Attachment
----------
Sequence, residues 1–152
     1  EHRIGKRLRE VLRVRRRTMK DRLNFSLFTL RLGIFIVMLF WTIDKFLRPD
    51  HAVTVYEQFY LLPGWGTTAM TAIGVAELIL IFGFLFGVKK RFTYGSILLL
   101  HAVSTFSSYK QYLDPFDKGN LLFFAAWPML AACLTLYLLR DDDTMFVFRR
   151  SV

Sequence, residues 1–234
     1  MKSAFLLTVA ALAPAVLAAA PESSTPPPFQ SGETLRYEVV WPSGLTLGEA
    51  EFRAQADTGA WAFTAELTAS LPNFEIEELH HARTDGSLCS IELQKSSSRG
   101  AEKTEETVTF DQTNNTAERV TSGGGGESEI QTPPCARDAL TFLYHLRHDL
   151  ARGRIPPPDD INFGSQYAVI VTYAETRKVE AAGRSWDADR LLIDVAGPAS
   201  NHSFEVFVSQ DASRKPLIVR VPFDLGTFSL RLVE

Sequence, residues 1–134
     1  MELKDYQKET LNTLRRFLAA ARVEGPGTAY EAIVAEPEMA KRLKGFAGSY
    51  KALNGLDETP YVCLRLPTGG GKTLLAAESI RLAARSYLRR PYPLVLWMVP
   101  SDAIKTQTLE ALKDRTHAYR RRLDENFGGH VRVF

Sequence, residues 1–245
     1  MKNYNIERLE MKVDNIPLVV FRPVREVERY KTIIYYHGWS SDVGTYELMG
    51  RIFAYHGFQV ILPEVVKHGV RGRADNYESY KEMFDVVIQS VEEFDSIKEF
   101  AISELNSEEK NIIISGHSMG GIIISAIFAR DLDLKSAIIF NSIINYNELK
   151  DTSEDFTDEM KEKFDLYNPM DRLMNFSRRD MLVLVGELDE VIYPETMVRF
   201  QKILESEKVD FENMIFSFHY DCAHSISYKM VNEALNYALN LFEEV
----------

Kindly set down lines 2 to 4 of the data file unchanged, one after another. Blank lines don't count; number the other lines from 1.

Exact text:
     1  EHRIGKRLRE VLRVRRRTMK DRLNFSLFTL RLGIFIVMLF WTIDKFLRPD
    51  HAVTVYEQFY LLPGWGTTAM TAIGVAELIL IFGFLFGVKK RFTYGSILLL
   101  HAVSTFSSYK QYLDPFDKGN LLFFAAWPML AACLTLYLLR DDDTMFVFRR